Model Train Lovers are Making Tracks for the National Train Show in Town This Weekend Print E-mail

Billed as the North America’s largest, it is part of the National Model Railroad Association (NMRA) annual convention at the Pennsylvania Convention Center.

Delaware County Times
July 7, 2006

Larry Loyko’s love of model trains came from his grandfather, who worked for the B & O Railroad in Philadelphia.

"I had a Lionel train set as a boy," said Loyko, who lives in Glenolden."When Christmas was over I never wanted to take it down.Then one day we never did.I have HO, N-scale and the G-scale which is a railway in my garden."

He is part of a joint effort between four model train clubs in the region that will be presenting one of the larger modular concepts at the show.

"We take the childhood fascination and show how the hobby has evolved," said Chris O’Brien, the modular coordinator for the show."Many of the layouts are like a time capsule, where the scenes reflect those long ago life and times."

Each year, the show travels to a different city and state. Targeted to model train collectors and enthusiasts, the convention garners worldwide attention, with attendees from as far away as Canada, Japan and Germany. More than 12,000 train enthusiasts are expected to walk through the doors.

The first miniature trains appeared shortly after the full-sized ones started thundering down the rails in the 19th century.Trains have played a primary role in Philadelphia’s history. Home to the legendary Pennsylvania and B&O Railroads, today bystanders continue to be inspired by the rumble of the rails of CSX and Norfolk-Southern freight trains, while passengers are whisked to their destination by Amtrak.There are roughly 1.5 million domestic freight and passenger cars in operation today.

The 16th annual National Train Show features 180,000 square feet of display space, including a special 46,000 square feet -- two football fields’ worth -- dedicated to more than 20 simultaneously operating model train displays.Visitors will revel in a wonderland of imagination, design and skill.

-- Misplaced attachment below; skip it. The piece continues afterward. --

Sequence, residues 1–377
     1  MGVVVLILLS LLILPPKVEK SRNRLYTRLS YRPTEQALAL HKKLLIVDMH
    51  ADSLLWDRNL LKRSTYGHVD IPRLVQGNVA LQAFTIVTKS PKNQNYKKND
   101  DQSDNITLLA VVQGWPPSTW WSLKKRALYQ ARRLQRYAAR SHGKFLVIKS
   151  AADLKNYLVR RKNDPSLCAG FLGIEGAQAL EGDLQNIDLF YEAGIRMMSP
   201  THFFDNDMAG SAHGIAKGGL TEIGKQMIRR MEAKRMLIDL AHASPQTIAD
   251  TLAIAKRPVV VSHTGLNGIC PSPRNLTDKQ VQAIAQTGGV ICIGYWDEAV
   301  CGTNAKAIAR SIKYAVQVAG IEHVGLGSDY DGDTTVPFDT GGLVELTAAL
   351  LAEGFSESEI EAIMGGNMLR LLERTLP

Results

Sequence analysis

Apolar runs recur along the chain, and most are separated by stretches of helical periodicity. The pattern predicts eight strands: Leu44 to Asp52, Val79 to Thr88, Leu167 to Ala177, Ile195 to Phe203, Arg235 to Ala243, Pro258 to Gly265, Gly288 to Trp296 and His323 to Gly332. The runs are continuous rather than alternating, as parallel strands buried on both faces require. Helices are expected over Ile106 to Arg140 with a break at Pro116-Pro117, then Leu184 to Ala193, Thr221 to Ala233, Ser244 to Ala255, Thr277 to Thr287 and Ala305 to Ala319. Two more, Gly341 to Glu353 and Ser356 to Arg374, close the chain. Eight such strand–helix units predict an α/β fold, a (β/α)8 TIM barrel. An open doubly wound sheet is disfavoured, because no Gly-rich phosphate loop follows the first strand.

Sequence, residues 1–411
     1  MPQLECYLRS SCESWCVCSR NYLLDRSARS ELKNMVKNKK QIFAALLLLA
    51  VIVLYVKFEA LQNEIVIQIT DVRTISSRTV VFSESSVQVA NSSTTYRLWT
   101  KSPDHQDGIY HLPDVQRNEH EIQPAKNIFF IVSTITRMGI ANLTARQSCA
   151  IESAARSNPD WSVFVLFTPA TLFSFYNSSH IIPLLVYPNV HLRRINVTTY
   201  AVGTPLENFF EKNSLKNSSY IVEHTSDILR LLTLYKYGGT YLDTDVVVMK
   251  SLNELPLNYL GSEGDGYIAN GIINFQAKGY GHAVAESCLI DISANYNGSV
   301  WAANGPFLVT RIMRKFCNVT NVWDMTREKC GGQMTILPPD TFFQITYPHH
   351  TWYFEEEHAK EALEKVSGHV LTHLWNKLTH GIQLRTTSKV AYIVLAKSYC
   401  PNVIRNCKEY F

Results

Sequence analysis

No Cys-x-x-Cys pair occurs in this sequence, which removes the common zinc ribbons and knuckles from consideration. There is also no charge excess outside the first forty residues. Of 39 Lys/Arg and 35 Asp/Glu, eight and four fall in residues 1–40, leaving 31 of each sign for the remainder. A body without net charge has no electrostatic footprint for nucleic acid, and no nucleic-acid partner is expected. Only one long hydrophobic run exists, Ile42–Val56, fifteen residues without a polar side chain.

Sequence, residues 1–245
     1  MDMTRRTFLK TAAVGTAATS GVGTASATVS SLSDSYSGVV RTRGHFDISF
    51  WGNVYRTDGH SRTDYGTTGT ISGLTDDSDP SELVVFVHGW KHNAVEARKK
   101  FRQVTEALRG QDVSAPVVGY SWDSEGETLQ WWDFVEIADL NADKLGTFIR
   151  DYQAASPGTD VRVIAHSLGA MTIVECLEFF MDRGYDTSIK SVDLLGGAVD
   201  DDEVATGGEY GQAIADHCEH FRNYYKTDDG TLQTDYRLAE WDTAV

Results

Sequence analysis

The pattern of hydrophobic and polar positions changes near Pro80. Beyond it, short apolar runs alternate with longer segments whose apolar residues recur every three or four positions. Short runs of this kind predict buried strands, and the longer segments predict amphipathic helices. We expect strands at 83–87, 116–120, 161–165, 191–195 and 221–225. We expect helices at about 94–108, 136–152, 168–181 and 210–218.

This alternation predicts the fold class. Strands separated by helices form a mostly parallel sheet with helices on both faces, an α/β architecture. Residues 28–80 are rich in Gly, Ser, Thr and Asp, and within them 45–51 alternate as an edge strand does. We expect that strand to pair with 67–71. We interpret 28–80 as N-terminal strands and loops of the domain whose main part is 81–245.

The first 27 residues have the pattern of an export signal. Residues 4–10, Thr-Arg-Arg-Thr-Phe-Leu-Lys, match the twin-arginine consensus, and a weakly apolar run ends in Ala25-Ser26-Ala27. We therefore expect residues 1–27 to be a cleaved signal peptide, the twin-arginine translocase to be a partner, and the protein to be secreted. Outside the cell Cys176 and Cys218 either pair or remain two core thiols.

The all-encompassing show hosts nearly 200 exhibitors, mostly manufacturers and dealers from the tri-state region, but also as far away as England and Australia.They will feature endless displays of scale model trains, toy trains, tracks, scenery, building kits, scale collectors’ models, tools, books, videos, software, sound systems, electronics, memorabilia and other train-related items. There is even a Lego’s Fantasyland that showcases more than two million Lego blocks fashioned to create railways, vehicles, well-known American landmarks and stunning backdrops.

Working with model trains had been an escape from his work in pharmaceuticals for Dave Messer of Royersford. "As a kid I started out with American Flyers, while my best friend had Lionel trains," he recalled. "I always felt that American Flyer was more realistic.It was the subject of endless debates."

Over the years Messer never outgrew his fascination with model trains. Modeling in the HO gauge, which is 3.5 millimeters to the foot, or 1/87 of the real size, his walk around layout is on the perimeter of a 15-foot by 30-foot room.The layout is a "hypothetical version" of the Pennsylvania Railroad. The train cars, vehicles, small town and countryside are all consistent with a Pennsylvania scene from the early summer of 1957. A brilliant blue sky with puffy clouds and a landscape of rolling hills and farmland brightens one of his walls.